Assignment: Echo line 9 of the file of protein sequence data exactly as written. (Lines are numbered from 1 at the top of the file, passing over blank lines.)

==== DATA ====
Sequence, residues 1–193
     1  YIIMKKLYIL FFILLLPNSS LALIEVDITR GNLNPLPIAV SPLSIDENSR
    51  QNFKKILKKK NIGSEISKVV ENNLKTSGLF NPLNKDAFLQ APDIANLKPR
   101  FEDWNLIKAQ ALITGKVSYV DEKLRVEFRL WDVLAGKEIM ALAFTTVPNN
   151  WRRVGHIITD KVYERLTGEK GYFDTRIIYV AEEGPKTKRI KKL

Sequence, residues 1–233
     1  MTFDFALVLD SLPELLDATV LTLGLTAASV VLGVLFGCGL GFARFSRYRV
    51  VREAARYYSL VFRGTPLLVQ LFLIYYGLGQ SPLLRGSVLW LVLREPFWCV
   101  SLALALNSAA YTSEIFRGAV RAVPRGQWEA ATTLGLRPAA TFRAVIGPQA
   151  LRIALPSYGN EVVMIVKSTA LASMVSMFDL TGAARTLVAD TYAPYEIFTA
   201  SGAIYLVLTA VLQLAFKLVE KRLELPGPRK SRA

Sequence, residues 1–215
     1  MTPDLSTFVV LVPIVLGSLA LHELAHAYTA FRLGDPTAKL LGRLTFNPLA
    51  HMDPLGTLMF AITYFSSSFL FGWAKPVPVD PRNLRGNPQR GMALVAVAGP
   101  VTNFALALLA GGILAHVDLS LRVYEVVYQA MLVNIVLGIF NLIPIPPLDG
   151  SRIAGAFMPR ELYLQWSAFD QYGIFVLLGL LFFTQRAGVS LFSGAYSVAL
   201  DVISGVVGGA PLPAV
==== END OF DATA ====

   101  SLALALNSAA YTSEIFRGAV RAVPRGQWEA ATTLGLRPAA TFRAVIGPQA